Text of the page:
Its that time of the year again. You know, when the air smells damp and slightly sweet. The sun's rays feel that much warmer when it peeks between rain showers in early April.
If you've had time to take a look around recently, you probably noticed that things are beginning to look a lot more green. And its not just your lawn. There's green returning to the forest.
It comes in various shades. Some of it is light green, like the leaves of skunk cabbage unfurling in our area's swamps and wetlands. And some of it is dark green, like the refreshing, new carpets of moss who thrive in this cool damp climate of spring.
But another shade of green is soon to make it to our area (sometimes accompanied by a tinge of red).
Its the Ruby-throated hummingbird of course. Despite is miniature size, this bundle of energy known as a bird is making its way back to our area from its wintering grounds. Central America is where these flying jewels have spent their winter. But now that spring has arrived in the States, the hummers are headed north.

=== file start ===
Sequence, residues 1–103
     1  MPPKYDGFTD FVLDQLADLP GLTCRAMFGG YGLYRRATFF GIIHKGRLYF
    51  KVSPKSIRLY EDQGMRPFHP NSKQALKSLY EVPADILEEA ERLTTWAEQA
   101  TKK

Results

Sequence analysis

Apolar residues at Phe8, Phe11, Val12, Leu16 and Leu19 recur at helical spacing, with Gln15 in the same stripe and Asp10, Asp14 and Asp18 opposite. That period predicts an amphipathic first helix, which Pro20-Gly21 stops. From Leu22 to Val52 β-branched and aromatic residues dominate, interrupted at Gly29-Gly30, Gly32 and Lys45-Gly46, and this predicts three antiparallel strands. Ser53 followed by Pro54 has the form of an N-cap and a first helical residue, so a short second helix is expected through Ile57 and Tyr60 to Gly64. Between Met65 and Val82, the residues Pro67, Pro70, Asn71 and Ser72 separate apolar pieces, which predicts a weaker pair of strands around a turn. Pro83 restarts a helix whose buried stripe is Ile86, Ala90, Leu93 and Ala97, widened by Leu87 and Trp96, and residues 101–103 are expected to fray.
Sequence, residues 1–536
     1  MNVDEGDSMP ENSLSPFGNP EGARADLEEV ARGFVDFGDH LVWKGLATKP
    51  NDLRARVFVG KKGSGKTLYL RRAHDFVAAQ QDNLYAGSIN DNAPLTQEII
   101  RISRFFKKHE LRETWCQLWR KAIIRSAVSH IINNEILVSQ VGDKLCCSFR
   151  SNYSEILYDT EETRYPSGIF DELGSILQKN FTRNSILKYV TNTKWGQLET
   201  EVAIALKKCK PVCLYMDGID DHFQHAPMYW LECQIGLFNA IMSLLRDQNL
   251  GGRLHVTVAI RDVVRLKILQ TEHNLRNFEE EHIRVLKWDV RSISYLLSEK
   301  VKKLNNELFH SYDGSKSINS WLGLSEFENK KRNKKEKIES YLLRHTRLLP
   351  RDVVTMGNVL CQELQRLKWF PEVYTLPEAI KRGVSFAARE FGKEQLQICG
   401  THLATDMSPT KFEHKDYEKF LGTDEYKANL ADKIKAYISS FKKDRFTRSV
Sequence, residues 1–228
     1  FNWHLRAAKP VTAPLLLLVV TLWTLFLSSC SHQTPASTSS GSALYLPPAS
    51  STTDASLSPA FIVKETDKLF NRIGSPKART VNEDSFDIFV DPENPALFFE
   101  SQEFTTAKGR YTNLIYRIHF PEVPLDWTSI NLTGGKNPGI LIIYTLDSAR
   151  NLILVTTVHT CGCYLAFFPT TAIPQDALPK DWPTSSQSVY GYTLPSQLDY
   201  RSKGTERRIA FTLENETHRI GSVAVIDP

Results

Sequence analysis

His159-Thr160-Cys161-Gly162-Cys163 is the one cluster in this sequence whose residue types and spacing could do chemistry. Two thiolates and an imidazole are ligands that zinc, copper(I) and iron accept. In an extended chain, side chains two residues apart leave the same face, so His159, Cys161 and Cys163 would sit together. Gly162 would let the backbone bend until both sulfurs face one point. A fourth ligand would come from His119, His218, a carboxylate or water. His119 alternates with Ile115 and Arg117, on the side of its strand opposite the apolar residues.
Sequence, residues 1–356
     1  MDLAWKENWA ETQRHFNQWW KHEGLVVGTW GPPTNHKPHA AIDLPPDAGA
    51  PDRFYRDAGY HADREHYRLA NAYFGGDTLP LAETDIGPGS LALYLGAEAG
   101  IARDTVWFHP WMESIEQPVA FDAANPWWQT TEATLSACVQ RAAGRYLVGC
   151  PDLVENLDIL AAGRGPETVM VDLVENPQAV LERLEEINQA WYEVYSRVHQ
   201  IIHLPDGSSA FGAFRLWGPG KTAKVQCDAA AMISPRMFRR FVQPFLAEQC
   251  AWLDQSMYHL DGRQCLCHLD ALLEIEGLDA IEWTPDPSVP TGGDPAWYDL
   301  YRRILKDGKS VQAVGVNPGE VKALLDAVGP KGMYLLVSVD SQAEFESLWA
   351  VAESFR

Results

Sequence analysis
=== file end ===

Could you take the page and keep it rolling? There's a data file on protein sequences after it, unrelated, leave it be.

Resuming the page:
The map above is from Hummingbirds.net. The sightings are submitted to the site owner who then pinpoints the location and generates this migration map each spring. Looking closely, you'll notice that hummingbirds have been reported in various locations around (but not yet in) southern NY, which means any of us in the Hudson Valley region could be spotting our first hummingbird of the year in a matter of days.
Want to be the first person in your area to see a hummingbird this spring? Well, you'll have to get your hummingbird feeders dusted off and fill up with nectar. Flowers are in short supply at this time of year, so a full hummingbird feeder is likely to keep a hummer's company until the flowers really begin to bloom later in the spring. Hummingbirds also visit sap wells drilled into maple, birch, and tulip trees by Yellow-bellied Sapsuckers. Knowing where these fresh sap wells are located in your area (should you have a sapsucker around) would be a great advantage to being the first to spot a hummingbird as well.
For a little more about our area's Ruby-throated hummingbirds, check out these past blog posts about attracting hummingbirds and a hummingbird's nest.
-Adam Zorn, Naturalist